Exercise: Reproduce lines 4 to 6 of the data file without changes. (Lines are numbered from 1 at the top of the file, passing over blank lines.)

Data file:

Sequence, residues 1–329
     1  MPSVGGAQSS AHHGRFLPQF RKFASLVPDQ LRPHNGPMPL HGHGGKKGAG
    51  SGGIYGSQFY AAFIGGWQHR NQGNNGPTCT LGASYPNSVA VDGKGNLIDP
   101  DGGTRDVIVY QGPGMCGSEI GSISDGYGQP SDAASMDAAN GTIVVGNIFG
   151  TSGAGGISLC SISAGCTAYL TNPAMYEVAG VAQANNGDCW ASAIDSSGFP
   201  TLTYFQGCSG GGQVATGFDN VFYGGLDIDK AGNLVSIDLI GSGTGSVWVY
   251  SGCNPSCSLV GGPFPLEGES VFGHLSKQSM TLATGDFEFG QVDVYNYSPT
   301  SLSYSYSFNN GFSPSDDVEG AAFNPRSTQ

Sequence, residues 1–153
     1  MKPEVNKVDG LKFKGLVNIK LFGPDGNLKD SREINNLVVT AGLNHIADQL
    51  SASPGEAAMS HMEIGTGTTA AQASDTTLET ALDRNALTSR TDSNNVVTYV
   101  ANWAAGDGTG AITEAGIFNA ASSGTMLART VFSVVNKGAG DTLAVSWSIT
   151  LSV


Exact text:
   101  DGGTRDVIVY QGPGMCGSEI GSISDGYGQP SDAASMDAAN GTIVVGNIFG
   151  TSGAGGISLC SISAGCTAYL TNPAMYEVAG VAQANNGDCW ASAIDSSGFP
   201  TLTYFQGCSG GGQVATGFDN VFYGGLDIDK AGNLVSIDLI GSGTGSVWVY